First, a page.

In part 1 we clarified what an O2O strategy is, why it’s necessary and covered a few technical actions that you can think about that will help your B2B or B2C retail business.
In this instalment we’ll be covering more specific actions that you can take to help create an O2O strategy for your organization. Including a few things that are not often considered when talking about O2O…
Align your teams
With digital transformation on everyone’s minds at the moment, it’s easy to focus more on your online offering.
But staff at your physical location may have been interacting with your customers for years. They have a vast amount of experience and they know what your customers need.
So it makes sense to align this vital resource with your online efforts.
Use your retail staff to help build your O2O strategy. Consult with them and learn more about your customers and always remember that you’re selling to people. Data can tell you a lot about your customer’s online behavior but your retail staff will know your customers. They might even have a relationship with regular customers.
Marrying these personal insights from your retail team with online data can help you to create experiences that your customers will value.
eCommerce teams and in-store staff tend to work in separate silos. Interaction between the two units is rare. But when you’re creating an O2O strategy it’s an ideal time to break down these silos. You might even want to consider aligning your in-store sales and online marketing KPIs, so everyone is working towards the same goal.
Actions you can take
- Break down barriers between in-store staff and your marketing department
- Align sales KPIs across your business to ensure everyone is working towards the same goal
- Gain more personal insights into your customers from your retail staff
Anyone who works in online marketing knows that proper attribution is critical. Most online marketing works on a “last-touch” attribution model. That simply means that the last touchpoint a customer or lead makes with a brand is credited with the conversion.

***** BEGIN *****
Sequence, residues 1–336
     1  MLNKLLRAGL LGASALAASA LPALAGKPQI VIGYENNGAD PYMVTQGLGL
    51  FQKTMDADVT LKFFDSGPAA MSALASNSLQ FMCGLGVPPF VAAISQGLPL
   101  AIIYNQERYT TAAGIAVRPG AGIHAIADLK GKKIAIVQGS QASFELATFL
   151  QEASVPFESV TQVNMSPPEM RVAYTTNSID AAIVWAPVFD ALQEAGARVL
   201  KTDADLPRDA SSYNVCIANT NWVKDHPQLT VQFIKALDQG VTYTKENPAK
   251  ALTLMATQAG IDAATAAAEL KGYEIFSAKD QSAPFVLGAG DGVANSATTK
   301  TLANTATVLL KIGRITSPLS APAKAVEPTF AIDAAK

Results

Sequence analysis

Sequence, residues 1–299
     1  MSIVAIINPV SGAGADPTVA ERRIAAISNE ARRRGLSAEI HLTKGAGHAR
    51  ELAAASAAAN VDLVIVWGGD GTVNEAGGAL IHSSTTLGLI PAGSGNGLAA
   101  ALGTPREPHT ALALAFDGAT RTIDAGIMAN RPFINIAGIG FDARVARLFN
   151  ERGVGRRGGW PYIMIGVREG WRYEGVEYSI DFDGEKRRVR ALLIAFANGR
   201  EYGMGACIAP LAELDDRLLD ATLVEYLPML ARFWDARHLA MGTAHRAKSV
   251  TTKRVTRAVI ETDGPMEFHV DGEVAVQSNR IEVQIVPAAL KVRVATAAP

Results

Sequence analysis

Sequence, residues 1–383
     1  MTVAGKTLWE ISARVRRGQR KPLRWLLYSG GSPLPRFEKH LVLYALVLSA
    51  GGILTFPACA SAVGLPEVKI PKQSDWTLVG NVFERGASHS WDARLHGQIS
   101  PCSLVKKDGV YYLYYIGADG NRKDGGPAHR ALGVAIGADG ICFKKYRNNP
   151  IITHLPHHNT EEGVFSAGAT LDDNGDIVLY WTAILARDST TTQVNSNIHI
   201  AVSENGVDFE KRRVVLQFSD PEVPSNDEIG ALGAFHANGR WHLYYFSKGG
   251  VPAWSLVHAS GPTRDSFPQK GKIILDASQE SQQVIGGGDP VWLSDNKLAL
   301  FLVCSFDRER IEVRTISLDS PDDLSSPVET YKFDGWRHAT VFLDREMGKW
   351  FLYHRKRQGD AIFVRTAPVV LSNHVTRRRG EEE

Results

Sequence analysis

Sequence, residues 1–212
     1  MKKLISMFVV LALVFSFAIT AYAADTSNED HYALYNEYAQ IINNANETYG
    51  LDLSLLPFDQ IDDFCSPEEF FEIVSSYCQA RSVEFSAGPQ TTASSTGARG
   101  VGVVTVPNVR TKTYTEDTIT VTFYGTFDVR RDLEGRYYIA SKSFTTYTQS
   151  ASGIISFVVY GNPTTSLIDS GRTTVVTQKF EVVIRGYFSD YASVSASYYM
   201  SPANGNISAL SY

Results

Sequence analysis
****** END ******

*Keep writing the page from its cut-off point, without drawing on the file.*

But in an O2O world, how can that attribution model function?
In short, it cannot.
Brands should try to move to a “multi-touch” attribution model to successfully measure their O2O customer journeys.
Multi-touch attribution measures the value of each touchpoint that leads to a conversion. When talking about online, this means that a customer may see several ads on different channels, then visit a review site then go to the brand website to make a purchase. Multi-touch attribution (specifically the linear method) weighs each of those touchpoints equally.
This is where things can get a little…complicated. Especially when you are trying to implement an O2O strategy.
Multi-touch Attribution Models
There are different multi-touch attribution models that are currently in use, most of which are not 100% suitable for an O2O strategy. They are:
- Linear multi-touch attribution – This gives all touchpoints equal credit for the conversion
- Time-decay multi-touch attribution – This gives most of the credit for the conversion to touchpoints closer to the final conversion event
- U-shaped multi-touch attribution – Gives credit for the conversion to the first and last touchpoints
- W-shaped multi-touch attribution – Gives credit for the conversion to the first, middle and last touchpoints
Which one should my business use?
This is the tricky part.
Each attribution model offers something valuable in an O2O strategy. But none of them are really, truly, effective. For example, click and collect is a fairly simple attribution. The conversion happens on the website or app and then the customer picks up what they’ve ordered from your store. So the credit for the conversion should go to the website or app right?
Yes that’s true, but what if your in-store team successfully makes an upsell? Does that count as a separate conversion? Even though it’s part of the same customer journey? This is where some issues around attribution can creep in. And it’s why custom attribution models are popular.
A lot of O2O strategies use a custom multi-touch attribution model that’s built specifically for the needs of the business. This can take a long time, with a lot of experimentation. But you will finally reach a model that is perfect for your business.
One of the aims of moving to multi-touch attribution is to be more agile in your marketing and customer experience optimisation (both on and offline) efforts. Building a custom model will allow you to adapt quicker and better serve your customers.
Actions you can take
- Consider existing multi-touch attribution models. Do any of those fit into your O2O strategy?
- Look at your data to weigh how effective your existing online channels are
- Consult your retail team. They are an invaluable resource and can help you build an attribution model that’s perfect for your business
Come back for part 3 where we will be talking about tracking, identity graphs and personalization.
How MAQE can help
MAQE can help you to build a custom attribution model for your O2O strategy. We conduct extensive on and offline research to help you find out what’s effective for your business. And we do this by putting people first; breaking down silos so everyone works towards the same goal. Get in touch via email@example.com if you need some advice.